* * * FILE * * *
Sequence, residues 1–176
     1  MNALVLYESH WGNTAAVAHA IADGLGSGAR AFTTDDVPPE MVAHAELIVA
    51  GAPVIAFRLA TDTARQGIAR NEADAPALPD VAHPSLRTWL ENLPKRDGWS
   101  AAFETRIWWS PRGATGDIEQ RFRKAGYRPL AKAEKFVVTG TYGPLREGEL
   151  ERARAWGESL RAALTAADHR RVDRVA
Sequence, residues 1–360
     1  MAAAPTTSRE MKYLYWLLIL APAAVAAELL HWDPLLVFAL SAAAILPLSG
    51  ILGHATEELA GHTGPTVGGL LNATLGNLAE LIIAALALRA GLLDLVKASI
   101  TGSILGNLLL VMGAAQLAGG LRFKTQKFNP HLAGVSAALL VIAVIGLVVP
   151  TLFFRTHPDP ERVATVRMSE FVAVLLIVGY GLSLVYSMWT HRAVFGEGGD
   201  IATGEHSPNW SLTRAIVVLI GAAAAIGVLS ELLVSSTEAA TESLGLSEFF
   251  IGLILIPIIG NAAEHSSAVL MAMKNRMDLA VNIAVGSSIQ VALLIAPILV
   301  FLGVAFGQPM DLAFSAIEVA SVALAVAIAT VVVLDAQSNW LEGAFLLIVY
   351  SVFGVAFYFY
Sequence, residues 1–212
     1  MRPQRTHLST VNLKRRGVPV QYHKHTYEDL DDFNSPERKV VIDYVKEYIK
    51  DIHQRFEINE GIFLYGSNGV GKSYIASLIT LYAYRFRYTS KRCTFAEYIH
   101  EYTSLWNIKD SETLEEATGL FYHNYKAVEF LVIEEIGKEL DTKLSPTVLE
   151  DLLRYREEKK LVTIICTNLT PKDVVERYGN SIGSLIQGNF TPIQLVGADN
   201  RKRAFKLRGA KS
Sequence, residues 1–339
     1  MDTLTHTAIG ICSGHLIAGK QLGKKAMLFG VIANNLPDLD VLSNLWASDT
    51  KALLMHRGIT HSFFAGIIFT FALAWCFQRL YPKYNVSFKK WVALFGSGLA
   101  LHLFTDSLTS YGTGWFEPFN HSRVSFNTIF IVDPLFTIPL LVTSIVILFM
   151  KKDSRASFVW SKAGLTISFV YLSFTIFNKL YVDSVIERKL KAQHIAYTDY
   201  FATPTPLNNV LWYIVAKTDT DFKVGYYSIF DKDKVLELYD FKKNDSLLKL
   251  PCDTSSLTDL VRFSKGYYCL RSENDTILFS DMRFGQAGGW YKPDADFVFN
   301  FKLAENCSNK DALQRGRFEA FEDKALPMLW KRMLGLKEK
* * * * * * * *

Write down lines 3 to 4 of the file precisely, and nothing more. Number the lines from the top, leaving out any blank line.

    51  GAPVIAFRLA TDTARQGIAR NEADAPALPD VAHPSLRTWL ENLPKRDGWS
   101  AAFETRIWWS PRGATGDIEQ RFRKAGYRPL AKAEKFVVTG TYGPLREGEL